By David Hanson

Summary: With so many causes potentially affecting the performance and upkeep of wells, the most important factor is gathering correct information before formulating solutions. The following article presents several steps in ensuring that a well is properly treated, tested and maintains its value to the owner for years to come.

There are all kinds of problems experienced in pumps and wells. Pump problems can be mechanical, electrical or system related, causing a reduction in yield or total breakdown. Well problems are often associated with: 1) a reduction in yield, caused by plugging of the screen or an open borehole from iron bacteria, slime bacteria, mineral scale, sand or silt infiltration, or debris in the well (Yields can also be affected by other pumping wells, or physical changes in the aquifer, i.e., a drop in static level or seismic activity.); 2) odors; 3) discoloration, and 4) corrosion caused by either water chemistry, galvanic activity, stray currents (AC or DC) or some forms of bacteria.

Problems aren’t often discovered in municipal or industrial wells until they’re well beyond minor repairs. The pump breaks suction or quits pumping water due to a mechanical problem. There’s air in the water lines, reddish water and/or odors. This often sets up an emergency condition and presents major problems. Any time you have an emergency it costs extra money. There’s little time to really understand the problem and design a proper and effective solution. Here are some basic steps to plan well maintenance.

Well information
Good information is paramount. Too many times, little information is available about well dimensions, well depths, screen lengths, aquifers (thickness and type), pumping data (gallons per minute—gpm—at a certain pumping time and pump setting), past performance of the pump (it’s different than well performance), water chemistry or biological identification/quantification. Information like this often is difficult to find, so it’s important well and pump records are kept fastidiously and readily available where possible.

File records according to well number. Separate well and pump information. Organize maintenance information for each file in chronological order. Construct an “as built” drawing or ask the contractor for that information. It’s easier to understand. Put the well log and general pump information at the front page for easy reference.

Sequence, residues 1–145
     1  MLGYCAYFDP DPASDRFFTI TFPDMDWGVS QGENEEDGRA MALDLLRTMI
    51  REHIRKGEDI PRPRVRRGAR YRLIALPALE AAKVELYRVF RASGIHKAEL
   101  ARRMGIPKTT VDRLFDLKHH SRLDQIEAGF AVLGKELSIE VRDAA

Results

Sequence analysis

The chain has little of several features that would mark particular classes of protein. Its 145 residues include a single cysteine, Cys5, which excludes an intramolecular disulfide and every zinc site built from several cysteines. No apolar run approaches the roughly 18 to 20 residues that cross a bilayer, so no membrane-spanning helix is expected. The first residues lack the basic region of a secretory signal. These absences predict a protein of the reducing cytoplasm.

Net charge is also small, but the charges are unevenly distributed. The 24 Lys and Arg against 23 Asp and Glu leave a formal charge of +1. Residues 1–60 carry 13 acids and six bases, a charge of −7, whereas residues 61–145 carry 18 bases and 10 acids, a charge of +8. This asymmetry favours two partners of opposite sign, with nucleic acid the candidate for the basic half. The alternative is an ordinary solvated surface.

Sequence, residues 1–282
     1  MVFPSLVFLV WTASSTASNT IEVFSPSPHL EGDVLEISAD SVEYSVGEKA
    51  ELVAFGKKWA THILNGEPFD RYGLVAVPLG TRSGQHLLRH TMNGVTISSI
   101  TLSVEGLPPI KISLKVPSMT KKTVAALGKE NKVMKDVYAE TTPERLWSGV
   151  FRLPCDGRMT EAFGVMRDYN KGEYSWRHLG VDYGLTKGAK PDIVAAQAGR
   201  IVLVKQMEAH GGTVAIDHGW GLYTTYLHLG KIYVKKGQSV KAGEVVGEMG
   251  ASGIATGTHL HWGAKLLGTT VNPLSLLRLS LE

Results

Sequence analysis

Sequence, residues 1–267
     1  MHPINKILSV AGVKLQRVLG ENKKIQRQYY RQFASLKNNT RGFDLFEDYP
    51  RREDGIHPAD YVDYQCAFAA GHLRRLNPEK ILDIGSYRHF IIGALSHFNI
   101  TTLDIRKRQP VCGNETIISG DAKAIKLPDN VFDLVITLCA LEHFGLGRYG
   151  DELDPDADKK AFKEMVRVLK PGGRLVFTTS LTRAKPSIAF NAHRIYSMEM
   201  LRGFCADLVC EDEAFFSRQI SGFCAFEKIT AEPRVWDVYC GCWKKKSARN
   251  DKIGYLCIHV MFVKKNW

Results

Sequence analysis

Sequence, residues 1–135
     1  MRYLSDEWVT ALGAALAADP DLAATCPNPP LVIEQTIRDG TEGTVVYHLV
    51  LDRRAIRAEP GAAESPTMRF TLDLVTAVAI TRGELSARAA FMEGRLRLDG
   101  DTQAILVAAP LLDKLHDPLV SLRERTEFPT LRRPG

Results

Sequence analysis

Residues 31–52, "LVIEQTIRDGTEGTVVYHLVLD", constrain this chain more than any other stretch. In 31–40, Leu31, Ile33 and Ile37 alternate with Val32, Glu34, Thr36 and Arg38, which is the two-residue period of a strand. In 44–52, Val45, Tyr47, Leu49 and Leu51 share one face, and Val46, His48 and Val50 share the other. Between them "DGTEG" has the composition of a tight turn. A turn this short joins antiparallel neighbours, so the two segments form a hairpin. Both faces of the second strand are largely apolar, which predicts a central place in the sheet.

Understanding problems
Pumping rate alone isn’t a measurement for determining well problems. A pump impeller may be loose, or there may be a hole in the pump column pipe (can be either vertical turbine or submersible), which will cause a decline in recorded yield. Neither have anything to do with the well. The key to separating well and pump problems is understanding if the yield of the well is declining, which is done by calculating “specific capacity” or SC (see Figure 1).

Always record the specific capacity at approximately the same pumping rate and pumping duration for a more accurate comparison. If seasonal changes affect the SWL, the SC will remain approximately the same in an Artesian aquifer. An Artesian aquifer has pressure causing the SWL to be above the aquifer into a confining bed, like clay or shale. This Artesian pressure can be above ground causing a flowing well. A reduction in the SWL doesn’t change the thickness of an Artesian aquifer; therefore, the SC remains approximately the same as well. Seasonal changes will affect a “water table aquifer” more than a Artesian aquifer. A water table aquifer simply means the SWL is within the aquifer. A decline in SWL affects the thickness of the aquifer, therefore the SC.

Analysis of specific capacity
If both the pump yield and ampere (amp) readings are lower than previous readings but the SC is higher, the pump may need repair. If the pump yield is lower, amp readings remain the same, and the SC is higher, there may be a hole in the column pipe. If the pumping rate, amp readings and SC are lower, the well may need rehabilitation. Compare this information at least once a year on municipal or industrial wells. Record SC on all new wells and set a target of 60 percent at 70 to 80 percent of the original SC for planned rehabilitation.